On July 5, 2023, the court delivered its judgments concerning the various preliminary objections submitted by the defendants in the case involving United Capital Trustees Limited and others.

Ruling on the Application of NISL and NISL Ventures: The court agreed with NISL and NISL Ventures' positions, determining that the freezing order had been secured through misrepresentation and the omission of crucial facts, particularly the pre-existing administration of the companies under a court order. The court also held that it lacked jurisdiction to entertain United Capital's claims since both NISL and NISL Ventures were already under administration, and no new lawsuits could be initiated against them without the consent of either the appointed Administrator or the Administration Court. Consequently, the court dismissed the suit for lack of jurisdiction and for being an abuse of court process.

Ruling on the Applications of Mr. Wilcox and Mr. Jaiyeola: The court accepted our arguments that it lacks jurisdiction over United Capital's claims. The court acknowledged its authority over the appointment of receivers but clarified that this does not extend to overarching claims of debt recovery in cases like this, where the underlying dispute is a simple contract. The court agreed that United Capital's claims constituted an abuse of court process, as it improperly sought to extend the powers of the Receiver/Manager to the personal assets of Mr. Jaiyeola, who was involved in his capacity as an individual. Therefore, the suit was struck out for lack of jurisdiction and recognized as an abuse of court process. This reasoning was similarly applied in the court's ruling concerning Mr. Wilcox's application.

Practical Implications and Key Takeaways from the Court's Decision

The court's decision provides essential insights that highlight the complexities and nuances of navigating jurisdiction in corporate legal disputes:

  1. Distinguishing Principal from Ancillary Reliefs: One of the standout points from this case is the importance of identifying and distinguishing between principal and ancillary reliefs in legal documents and arguments. This differentiation is key as jurisdiction fundamentally depends on the primary relief sought. The court made it clear that ancillary reliefs do not confer jurisdiction if the principal relief is outside the court's statutory bounds.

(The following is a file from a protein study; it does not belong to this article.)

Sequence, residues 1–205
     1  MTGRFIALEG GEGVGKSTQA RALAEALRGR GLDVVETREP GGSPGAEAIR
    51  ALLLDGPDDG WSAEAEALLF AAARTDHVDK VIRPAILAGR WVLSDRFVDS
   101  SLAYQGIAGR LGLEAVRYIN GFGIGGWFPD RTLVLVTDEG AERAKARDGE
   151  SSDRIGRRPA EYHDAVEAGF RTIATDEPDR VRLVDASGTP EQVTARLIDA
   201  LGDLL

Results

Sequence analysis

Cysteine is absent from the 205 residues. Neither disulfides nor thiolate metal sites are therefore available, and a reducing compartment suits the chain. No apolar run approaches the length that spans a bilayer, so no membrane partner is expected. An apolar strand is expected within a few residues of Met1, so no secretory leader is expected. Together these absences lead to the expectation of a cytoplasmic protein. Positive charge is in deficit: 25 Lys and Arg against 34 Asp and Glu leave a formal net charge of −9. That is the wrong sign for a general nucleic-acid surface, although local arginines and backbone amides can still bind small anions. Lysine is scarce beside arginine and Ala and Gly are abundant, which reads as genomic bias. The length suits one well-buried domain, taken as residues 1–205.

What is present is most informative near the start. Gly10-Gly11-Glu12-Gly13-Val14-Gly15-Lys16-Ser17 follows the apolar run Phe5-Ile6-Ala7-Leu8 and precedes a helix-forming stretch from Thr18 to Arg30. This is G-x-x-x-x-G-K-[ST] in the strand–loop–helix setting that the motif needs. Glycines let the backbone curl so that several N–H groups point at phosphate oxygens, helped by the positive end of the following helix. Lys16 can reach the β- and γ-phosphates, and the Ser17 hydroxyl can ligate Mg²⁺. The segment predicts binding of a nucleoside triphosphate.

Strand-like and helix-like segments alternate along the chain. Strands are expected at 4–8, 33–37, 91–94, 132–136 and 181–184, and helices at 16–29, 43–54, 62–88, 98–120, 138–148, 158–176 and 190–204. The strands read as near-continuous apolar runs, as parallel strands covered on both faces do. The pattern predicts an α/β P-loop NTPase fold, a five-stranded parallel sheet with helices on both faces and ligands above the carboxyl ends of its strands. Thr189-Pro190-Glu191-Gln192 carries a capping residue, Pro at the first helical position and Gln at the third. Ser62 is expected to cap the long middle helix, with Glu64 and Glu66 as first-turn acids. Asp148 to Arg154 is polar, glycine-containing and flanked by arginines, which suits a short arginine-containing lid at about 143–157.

2. Jurisdictional Competence Over Contractual Disputes: The case reiterates that jurisdictional competence must be examined based on the nature of the claim. Despite the inclusion of claims related to the appointment of a receiver/manager, the Federal High Court determined it does not have jurisdiction over simple contractual disputes. The court clarified the principles for determining its jurisdiction as follows: (a) The court must be properly constituted with the correct number and qualifications of members, none of whom are disqualified; (b) The subject matter must fall within the court's statutory jurisdiction, and there should be no factors that inhibit this jurisdiction; and (c) The case must proceed by due process of law and meet any conditions precedent for the exercise of jurisdiction.3
  3. Strategic Sequence in Litigation: The decision highlights the importance of adopting a strategic approach in litigation involving corporate insolvency or administration— initially securing a court order for appointing a receiver or manager and then pursuing substantive claims for debt recovery in the appropriate court. This sequence is vital to ensure compliance with procedural norms and jurisdictional mandates.
  4. Impact of Misrepresentation in Jurisdictional Claims: The decision also highlights how misrepresentation or failure to disclose essential information can impact jurisdictional claims. Practitioners must ensure all relevant facts are disclosed to avoid the risk of a case being struck out for abuse of court process, as seen with the freezing order obtained by the Plaintiff.

Navigating Jurisdictional Challenges in Company Administration

The court's decision in the case of United Capital Trustees Limited v. Nigerian International Securities Limited & Ors. highlights the jurisdictional nuances and the conditions under which legal proceedings can be initiated against such companies. Ensuring that all procedural prerequisites are met and that cases are filed in the appropriate courts are fundamental steps that cannot be overlooked.

In the first part of this series, we have discussed how jurisdiction plays a fundamental role in determining the course of legal disputes involving companies under administration. This analysis has highlighted the importance of understanding which court has the authority to hear such cases and the implications this has for all parties involved. By grasping the principles of jurisdiction, stakeholders—ranging from legal professionals to company directors—can better prepare for the complexities that arise when a company enters administration. In Part II of this series, we will explore the conditions under which legal proceedings can be initiated against companies under administration, highlighting how these foundational jurisdictional considerations set the stage for more detailed discussions on maintaining legal compliance and protecting the interests of all entities involved in the administration process.

For further details on this topic or any related inquiries, please contact us at .


1 Section 443 of Companies & Allied Matters Act, 2020 (as Amended)

2 Suit No: FHC/L/Cs/2219/2022

3 Madukolu V. Nkemdilim (1962)2 SCNLR 341

The content of this article is intended to provide a general guide to the subject matter. Specialist advice should be sought about your specific circumstances.